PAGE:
Near the money – A strike price that is near the same price as the current stock’s price.
Out of the money (OTM) – A strike price that has a premium consisting only of time value, no intrinsic value. For example, a put with a strike of $30 while the stock is trading at $32 has $2 of intrinsic value or is $2 out of the money. Selling puts OTM gives the seller more cushion before the stock is assigned. Selling covered calls OTM gives the seller more potential profit since part of the increase in stock value will be profit on top of the premium. Buyers of OTM options get a lower price while still gaining a position on the stock. The percentage gains are bigger OTM, but the dollar amount is lower.
Premium – The amount of money received from selling an option or paid from buying an option.
Put Option – Generally just referred to as a “put”. A put gives the buyer insurance against the stock if it falls while the buyer owns the stock and hopes it will go up (long on the stock). Buyers can either own the stock and buy insurance (a put) in case the stock price drops or a buyer can buy a put without owning the stock if they think it’s going to drop. The latter is the equivalent of shorting a stock with a different risk. The risk in buying a put is that the stock may not drop and the entire premium could be lost. A 100% loss on a smaller amount purchased. The stock might rise $10, but the only loss the put buyer would take would be the amount paid for the premium. If the put buyer had actually shorted the stock instead of buying the put, he would lose $10 on every share. Although shorting was the wrong move to make on this stock, buying the put was a better move than shorting the stock itself since the loss was limited. Had the stock moved down, the put buyer would have made a much bigger percentage gain than if she had sold the stock. Selling a put without being short the stock is a naked put, described below.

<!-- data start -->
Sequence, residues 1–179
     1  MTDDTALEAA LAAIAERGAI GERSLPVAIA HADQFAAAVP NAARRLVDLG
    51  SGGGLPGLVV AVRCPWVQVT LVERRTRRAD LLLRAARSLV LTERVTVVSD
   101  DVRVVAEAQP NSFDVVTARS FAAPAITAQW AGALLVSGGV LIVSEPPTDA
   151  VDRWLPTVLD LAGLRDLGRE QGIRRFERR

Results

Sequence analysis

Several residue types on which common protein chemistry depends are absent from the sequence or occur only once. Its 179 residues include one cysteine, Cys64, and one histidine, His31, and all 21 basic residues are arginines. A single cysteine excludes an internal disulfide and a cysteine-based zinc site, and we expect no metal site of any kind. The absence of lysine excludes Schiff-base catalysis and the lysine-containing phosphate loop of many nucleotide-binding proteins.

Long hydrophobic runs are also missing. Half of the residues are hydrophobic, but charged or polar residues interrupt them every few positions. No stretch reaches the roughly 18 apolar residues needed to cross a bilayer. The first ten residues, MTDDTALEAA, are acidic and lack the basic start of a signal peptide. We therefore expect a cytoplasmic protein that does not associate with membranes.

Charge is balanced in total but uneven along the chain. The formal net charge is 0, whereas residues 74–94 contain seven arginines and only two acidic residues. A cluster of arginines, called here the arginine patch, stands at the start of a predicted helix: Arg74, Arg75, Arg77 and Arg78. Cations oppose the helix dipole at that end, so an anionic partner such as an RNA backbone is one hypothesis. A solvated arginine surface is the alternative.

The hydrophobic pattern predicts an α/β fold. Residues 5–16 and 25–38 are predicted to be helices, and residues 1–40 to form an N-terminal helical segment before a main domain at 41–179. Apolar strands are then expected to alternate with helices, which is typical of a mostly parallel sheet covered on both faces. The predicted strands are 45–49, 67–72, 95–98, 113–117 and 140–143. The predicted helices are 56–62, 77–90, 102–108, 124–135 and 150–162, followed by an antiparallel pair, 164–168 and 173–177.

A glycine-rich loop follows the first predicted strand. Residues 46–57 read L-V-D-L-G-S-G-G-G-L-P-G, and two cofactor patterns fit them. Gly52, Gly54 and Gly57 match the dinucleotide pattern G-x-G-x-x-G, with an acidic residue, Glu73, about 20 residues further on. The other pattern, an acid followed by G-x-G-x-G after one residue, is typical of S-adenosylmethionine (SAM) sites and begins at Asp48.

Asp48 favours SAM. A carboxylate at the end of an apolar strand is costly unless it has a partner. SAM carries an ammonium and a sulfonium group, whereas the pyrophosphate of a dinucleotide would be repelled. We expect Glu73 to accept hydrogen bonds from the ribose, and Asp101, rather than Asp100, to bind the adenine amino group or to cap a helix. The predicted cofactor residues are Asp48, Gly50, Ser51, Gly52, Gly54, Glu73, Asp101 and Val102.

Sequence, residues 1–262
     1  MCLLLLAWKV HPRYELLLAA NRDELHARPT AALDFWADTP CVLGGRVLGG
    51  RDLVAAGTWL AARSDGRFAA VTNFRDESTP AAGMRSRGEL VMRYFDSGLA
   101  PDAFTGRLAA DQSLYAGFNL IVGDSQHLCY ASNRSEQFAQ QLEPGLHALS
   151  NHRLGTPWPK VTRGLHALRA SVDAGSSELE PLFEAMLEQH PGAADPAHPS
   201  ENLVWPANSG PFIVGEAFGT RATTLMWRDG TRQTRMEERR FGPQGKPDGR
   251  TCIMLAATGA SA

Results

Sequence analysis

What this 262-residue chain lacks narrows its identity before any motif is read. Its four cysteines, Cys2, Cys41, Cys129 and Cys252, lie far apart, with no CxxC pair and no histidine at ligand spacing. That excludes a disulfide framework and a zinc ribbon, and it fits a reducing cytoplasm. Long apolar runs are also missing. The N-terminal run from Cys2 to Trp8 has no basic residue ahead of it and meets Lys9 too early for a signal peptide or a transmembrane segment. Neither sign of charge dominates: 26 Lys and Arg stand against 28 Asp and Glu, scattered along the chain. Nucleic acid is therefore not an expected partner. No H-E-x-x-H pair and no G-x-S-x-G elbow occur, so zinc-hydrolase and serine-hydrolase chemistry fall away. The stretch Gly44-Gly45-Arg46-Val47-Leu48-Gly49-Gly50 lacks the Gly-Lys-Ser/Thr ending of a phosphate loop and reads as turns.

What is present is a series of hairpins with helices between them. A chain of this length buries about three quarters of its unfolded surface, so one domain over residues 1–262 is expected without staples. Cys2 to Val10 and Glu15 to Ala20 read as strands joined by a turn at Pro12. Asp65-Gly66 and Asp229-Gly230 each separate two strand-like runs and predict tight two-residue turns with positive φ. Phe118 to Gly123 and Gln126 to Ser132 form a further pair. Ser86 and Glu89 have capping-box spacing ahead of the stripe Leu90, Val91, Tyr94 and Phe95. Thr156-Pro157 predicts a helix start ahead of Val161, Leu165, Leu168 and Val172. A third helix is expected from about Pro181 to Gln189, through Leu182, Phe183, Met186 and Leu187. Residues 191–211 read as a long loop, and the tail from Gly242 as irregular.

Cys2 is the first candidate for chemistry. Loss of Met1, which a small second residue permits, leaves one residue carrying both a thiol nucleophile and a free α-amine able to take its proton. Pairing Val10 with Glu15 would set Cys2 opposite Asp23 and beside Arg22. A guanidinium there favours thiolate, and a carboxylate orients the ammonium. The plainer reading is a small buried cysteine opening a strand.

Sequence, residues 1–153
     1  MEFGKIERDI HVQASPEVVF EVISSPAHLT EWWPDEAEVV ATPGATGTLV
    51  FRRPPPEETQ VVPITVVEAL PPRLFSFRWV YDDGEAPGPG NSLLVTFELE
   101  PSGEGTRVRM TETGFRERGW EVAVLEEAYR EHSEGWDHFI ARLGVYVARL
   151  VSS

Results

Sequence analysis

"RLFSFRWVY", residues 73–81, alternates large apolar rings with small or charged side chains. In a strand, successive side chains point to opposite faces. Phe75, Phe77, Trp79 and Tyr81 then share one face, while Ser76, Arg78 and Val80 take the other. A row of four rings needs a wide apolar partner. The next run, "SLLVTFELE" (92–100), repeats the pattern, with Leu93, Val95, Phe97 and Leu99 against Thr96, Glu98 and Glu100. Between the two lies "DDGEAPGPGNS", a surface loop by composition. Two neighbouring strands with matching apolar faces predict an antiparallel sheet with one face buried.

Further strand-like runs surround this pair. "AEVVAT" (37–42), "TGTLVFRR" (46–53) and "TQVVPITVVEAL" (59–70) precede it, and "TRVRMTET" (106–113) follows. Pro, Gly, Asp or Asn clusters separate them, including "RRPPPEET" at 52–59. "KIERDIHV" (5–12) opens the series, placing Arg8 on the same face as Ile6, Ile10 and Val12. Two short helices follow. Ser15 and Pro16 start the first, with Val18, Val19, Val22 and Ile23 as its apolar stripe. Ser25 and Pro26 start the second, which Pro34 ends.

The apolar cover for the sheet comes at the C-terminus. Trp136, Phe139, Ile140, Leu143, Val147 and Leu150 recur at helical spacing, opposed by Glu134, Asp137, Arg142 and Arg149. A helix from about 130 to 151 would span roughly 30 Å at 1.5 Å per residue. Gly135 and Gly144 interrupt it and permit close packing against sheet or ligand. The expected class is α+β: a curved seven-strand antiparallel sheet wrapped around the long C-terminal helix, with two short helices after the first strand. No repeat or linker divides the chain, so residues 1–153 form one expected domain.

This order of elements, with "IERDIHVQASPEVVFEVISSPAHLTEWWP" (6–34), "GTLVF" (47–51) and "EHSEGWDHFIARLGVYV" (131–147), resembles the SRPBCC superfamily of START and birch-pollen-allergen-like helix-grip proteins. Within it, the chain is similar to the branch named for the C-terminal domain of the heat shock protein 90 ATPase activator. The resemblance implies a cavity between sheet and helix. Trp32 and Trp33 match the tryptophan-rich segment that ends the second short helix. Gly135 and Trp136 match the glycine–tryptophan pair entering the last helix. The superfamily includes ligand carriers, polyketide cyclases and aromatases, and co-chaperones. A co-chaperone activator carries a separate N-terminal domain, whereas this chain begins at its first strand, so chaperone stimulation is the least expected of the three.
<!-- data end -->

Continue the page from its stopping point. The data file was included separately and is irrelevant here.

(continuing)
Short – Being in a position where you hope the stock will fall to make you money. This is the opposite of being long. Examples are selling a stock you don’t own or buying a put.